Fadal and the Walkman

By Lloyd and Noah Graff

Thirty years ago, the first Sony Walkman hit the market and revolutionized the portable music world. For $200 a middle class consumer was finally liberated from the big, cumbersome, old tape recorders. It was the iPod of its time, a small, portable, sexy device perfect for exercise or travel.

In that same year Francis de Caussin with his three sons Adrian, Dave, and Larry were in the process of radically changing the CNC machine tool world out of their little shop in Los Angeles.

So the story goes, the first Fadal vertical machining center, the VMC45, was homemade with a control made in-house with off-the-shelf components. The equipment was for in-house use because the Japanese and German equivalents were much more expensive, using Fanuc controls that were deemed overpriced overkill for running a fancy milling machine. Neighboring companies heard about the machine, realized its potential and asked to buy a copy. Word of mouth catapulted sales.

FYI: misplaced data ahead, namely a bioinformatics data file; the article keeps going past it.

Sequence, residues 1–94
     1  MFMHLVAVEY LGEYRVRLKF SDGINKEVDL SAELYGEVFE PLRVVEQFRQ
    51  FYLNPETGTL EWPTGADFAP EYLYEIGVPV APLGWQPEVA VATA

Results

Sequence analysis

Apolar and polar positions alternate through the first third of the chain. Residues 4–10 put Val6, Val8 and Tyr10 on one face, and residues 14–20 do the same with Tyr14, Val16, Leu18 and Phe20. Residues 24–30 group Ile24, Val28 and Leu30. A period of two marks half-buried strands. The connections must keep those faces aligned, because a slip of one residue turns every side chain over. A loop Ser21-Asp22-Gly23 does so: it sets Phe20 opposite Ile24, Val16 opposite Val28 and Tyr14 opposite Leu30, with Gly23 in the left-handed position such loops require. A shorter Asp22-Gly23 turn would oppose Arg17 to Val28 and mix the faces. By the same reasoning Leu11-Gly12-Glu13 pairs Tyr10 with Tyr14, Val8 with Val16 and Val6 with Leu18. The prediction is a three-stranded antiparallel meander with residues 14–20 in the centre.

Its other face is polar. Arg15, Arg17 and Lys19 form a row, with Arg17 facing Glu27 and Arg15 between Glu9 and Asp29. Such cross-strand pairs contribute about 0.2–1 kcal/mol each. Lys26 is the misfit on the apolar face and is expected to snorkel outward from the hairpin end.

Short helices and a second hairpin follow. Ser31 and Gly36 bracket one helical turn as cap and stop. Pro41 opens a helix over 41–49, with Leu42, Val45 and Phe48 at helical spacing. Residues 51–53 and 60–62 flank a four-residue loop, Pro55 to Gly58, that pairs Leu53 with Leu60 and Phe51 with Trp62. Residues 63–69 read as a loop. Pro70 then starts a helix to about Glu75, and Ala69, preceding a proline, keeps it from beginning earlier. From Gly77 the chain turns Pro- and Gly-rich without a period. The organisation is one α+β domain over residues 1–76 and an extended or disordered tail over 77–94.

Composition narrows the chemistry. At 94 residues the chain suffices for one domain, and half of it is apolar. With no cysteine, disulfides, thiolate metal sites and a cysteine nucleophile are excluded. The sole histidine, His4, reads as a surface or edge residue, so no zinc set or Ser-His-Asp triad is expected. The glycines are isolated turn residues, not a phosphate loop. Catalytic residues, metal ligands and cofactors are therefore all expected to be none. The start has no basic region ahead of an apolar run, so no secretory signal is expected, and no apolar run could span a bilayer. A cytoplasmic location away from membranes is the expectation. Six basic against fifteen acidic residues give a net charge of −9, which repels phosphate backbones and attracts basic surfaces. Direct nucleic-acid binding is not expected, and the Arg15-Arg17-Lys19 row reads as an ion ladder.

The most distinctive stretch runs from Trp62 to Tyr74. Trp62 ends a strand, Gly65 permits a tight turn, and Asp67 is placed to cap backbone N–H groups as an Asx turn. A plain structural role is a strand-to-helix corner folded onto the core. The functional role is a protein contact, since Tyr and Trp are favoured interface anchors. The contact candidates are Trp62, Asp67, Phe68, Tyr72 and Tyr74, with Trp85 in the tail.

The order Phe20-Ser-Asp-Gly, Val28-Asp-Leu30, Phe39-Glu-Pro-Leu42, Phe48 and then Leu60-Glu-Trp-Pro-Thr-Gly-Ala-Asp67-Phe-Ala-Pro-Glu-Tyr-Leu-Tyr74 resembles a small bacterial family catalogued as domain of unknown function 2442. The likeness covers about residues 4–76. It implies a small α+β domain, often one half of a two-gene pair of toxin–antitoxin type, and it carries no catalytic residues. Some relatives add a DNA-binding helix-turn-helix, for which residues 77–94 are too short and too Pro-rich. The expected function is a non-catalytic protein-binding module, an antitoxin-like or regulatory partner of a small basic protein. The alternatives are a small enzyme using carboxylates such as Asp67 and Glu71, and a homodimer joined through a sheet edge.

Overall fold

Gene Haas of Haas Automation almost immediately saw the same opportunity in locally built CNC. A Fadal—Haas rivalry brought prices down precipitously. They left behind weary old brands like Kearney & Trecker and Bridgeport.

The 1980 IMTS show put both Fadal and Haas brands onto the world market and made L.A. the machine tool capital of America overnight.

Question: Can anybody discuss the early rivalry between Haas and Fadal?

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